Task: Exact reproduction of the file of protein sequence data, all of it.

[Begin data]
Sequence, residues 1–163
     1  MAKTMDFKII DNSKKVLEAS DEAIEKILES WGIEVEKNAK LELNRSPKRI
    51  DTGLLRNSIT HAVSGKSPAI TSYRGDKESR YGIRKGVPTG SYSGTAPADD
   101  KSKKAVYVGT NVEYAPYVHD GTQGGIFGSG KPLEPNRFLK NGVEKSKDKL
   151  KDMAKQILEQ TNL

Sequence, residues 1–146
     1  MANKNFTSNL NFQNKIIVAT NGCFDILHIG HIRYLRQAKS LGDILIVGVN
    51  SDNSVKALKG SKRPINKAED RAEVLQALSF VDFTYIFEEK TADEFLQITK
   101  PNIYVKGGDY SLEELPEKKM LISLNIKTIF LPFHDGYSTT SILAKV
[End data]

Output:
Sequence, residues 1–163
     1  MAKTMDFKII DNSKKVLEAS DEAIEKILES WGIEVEKNAK LELNRSPKRI
    51  DTGLLRNSIT HAVSGKSPAI TSYRGDKESR YGIRKGVPTG SYSGTAPADD
   101  KSKKAVYVGT NVEYAPYVHD GTQGGIFGSG KPLEPNRFLK NGVEKSKDKL
   151  KDMAKQILEQ TNL

Sequence, residues 1–146
     1  MANKNFTSNL NFQNKIIVAT NGCFDILHIG HIRYLRQAKS LGDILIVGVN
    51  SDNSVKALKG SKRPINKAED RAEVLQALSF VDFTYIFEEK TADEFLQITK
   101  PNIYVKGGDY SLEELPEKKM LISLNIKTIF LPFHDGYSTT SILAKV